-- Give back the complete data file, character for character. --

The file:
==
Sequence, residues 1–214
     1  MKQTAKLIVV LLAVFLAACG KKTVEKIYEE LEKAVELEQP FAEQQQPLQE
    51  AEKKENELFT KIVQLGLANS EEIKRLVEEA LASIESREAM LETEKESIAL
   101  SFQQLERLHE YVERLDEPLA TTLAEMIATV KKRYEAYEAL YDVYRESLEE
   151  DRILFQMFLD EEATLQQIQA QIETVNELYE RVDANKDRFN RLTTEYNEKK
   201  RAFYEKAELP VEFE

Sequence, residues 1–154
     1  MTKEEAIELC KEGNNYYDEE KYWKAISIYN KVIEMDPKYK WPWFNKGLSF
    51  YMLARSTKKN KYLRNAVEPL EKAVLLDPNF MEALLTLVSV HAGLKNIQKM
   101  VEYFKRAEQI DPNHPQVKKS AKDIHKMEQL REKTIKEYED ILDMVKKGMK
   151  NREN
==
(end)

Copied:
Sequence, residues 1–214
     1  MKQTAKLIVV LLAVFLAACG KKTVEKIYEE LEKAVELEQP FAEQQQPLQE
    51  AEKKENELFT KIVQLGLANS EEIKRLVEEA LASIESREAM LETEKESIAL
   101  SFQQLERLHE YVERLDEPLA TTLAEMIATV KKRYEAYEAL YDVYRESLEE
   151  DRILFQMFLD EEATLQQIQA QIETVNELYE RVDANKDRFN RLTTEYNEKK
   201  RAFYEKAELP VEFE

Sequence, residues 1–154
     1  MTKEEAIELC KEGNNYYDEE KYWKAISIYN KVIEMDPKYK WPWFNKGLSF
    51  YMLARSTKKN KYLRNAVEPL EKAVLLDPNF MEALLTLVSV HAGLKNIQKM
   101  VEYFKRAEQI DPNHPQVKKS AKDIHKMEQL REKTIKEYED ILDMVKKGMK
   151  NREN